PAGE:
+--------+-----------+------------------------------+------------------+------------------------------------------------------------------------+------------+ | Domain | Method | URI | Name | Action | Middleware | +--------+-----------+------------------------------+------------------+------------------------------------------------------------------------+------------+ | | GET|HEAD | / | | Closure | web | | | POST | activation | | App\Http\Controllers\ActivationController@activateDevice | web,auth | | | GET|HEAD | activation | | App\Http\Controllers\ActivationController@getView | web,auth | | | POST | activation/register | | App\Http\Controllers\ActivationController@registerDevice | web,auth | | | GET|HEAD | api/location | location.index | App\Http\Controllers\LocationController@index | api | | | POST | api/location | | App\Http\Controllers\LocationController@store | api | | | GET|HEAD | api/location/create | location.create | App\Http\Controllers\LocationController@create | api | | | PUT|PATCH | api/location/{location} | location.update | App\Http\Controllers\LocationController@update | api | | | GET|HEAD | api/location/{location} | | App\Http\Controllers\LocationController@show | api | | | DELETE | api/location/{location} | location.destroy | App\Http\Controllers\LocationController@destroy | api | | | GET|HEAD | api/location/{location}/edit | location.edit | App\Http\Controllers\LocationController@edit | api | | | GET|HEAD | command/start-gps/{id} | | App\Http\Controllers\LocationController@startGps | web,auth | | | GET|HEAD | command/stop-gps/{id}| | App\Http\Controllers\LocationController@stopGps | web,auth | | | GET|HEAD | home | | App\Http\Controllers\HomeController@index | web,auth | | | GET|HEAD | login | login | App\Http\Controllers\Auth\LoginController@showLoginForm | web,guest | | | POST | login | | App\Http\Controllers\Auth\LoginController@login | web,guest | | | POST | logout | logout | App\Http\Controllers\Auth\LoginController@logout | web | | | POST | password/email | | App\Http\Controllers\Auth\ForgotPasswordController@sendResetLinkEmail | web,guest | | | POST | password/reset | | App\Http\Controllers\Auth\ResetPasswordController@reset | web,guest | | | GET|HEAD | password/reset | | App\Http\Controllers\Auth\ForgotPasswordController@showLinkRequestForm | web,guest | | | GET|HEAD | password/reset/{token} | | App\Http\Controllers\Auth\ResetPasswordController@showResetForm | web,guest | | | POST | register | | App\Http\Controllers\Auth\RegisterController@register | web,guest | | | GET|HEAD | register | register | App\Http\Controllers\Auth\RegisterController@showRegistrationForm | web,guest | +--------+-----------+------------------------------+------------------+------------------------------------------------------------------------+------------+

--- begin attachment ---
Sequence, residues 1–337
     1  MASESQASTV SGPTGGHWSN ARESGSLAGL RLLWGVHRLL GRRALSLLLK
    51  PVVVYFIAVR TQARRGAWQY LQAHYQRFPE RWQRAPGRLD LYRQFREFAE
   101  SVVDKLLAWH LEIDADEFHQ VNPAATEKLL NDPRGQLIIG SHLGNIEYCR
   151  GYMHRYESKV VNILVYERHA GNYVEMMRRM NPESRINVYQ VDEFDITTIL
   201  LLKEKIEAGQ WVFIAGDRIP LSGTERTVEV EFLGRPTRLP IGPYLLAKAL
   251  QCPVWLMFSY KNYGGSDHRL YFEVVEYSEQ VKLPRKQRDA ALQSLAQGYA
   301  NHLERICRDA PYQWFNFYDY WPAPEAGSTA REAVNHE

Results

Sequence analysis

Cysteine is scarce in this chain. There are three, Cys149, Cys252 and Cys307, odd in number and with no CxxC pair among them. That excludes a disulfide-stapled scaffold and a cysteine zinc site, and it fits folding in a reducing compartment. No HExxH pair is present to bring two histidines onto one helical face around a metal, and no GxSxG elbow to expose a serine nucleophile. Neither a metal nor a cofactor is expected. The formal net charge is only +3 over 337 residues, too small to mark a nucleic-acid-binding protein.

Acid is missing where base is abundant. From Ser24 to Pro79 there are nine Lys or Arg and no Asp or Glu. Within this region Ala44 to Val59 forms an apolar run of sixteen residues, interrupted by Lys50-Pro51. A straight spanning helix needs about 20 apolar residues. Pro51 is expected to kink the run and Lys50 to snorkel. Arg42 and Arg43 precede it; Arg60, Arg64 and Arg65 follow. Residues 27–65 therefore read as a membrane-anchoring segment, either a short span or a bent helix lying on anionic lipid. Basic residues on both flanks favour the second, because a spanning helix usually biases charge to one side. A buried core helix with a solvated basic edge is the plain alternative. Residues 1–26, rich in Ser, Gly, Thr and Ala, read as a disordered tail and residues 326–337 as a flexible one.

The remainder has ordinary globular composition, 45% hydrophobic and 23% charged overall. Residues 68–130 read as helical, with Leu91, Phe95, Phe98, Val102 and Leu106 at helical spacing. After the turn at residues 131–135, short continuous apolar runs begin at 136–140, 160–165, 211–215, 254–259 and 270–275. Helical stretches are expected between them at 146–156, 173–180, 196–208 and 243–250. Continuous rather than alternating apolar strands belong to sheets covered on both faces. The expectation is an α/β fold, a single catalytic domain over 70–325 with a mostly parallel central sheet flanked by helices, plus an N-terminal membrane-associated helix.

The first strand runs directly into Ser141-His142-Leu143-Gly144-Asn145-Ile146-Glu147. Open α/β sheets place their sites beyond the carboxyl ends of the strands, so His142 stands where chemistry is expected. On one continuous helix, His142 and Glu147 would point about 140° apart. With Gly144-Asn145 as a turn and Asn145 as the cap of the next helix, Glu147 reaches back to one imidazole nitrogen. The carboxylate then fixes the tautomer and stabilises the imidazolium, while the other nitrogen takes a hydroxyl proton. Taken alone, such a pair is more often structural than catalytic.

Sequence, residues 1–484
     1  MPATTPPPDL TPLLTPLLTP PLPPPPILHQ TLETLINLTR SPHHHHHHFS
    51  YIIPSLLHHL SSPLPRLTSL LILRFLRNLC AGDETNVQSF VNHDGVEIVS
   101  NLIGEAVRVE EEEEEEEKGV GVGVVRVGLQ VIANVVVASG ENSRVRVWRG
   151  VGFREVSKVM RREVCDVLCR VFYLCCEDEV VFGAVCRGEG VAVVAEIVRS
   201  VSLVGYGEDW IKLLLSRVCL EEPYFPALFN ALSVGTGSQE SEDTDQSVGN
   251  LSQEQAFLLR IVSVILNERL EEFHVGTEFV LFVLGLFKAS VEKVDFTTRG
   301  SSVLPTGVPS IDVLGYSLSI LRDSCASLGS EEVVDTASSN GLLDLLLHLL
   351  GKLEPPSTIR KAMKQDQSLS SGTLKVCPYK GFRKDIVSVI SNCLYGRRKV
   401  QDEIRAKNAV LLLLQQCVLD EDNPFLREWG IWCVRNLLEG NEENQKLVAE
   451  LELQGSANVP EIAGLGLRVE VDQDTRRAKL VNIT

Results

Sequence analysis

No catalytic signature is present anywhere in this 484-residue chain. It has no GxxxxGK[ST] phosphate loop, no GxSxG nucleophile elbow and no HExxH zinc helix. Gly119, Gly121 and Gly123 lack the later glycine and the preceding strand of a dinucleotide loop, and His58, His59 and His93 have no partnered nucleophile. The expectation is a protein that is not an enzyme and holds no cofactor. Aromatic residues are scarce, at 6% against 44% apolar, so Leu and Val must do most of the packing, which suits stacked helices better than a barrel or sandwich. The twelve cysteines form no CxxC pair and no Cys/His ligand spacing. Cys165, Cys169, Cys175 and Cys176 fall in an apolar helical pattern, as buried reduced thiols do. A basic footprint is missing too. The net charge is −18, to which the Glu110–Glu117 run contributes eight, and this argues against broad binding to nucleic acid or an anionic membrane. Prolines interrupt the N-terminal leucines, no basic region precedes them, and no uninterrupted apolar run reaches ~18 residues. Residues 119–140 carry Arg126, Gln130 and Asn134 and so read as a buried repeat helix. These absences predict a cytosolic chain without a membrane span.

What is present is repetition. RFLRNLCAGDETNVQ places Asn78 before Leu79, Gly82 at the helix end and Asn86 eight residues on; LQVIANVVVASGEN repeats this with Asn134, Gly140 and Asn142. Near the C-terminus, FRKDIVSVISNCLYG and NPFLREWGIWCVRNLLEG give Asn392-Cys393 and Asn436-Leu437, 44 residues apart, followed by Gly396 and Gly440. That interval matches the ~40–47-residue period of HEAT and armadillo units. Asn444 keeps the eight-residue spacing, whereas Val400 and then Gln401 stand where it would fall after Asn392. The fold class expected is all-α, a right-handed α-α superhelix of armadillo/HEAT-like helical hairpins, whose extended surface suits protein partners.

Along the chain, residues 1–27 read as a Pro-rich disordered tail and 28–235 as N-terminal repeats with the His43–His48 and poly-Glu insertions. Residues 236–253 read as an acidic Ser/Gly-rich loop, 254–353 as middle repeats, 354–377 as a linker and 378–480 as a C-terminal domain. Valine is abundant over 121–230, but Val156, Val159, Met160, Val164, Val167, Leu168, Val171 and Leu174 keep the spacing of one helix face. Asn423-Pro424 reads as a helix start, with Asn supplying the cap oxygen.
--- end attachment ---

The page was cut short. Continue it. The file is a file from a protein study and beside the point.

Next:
Implementing The Controller

If you haven’t already created the controllers, please do so with the following commands:
php artisan make:controller LocationController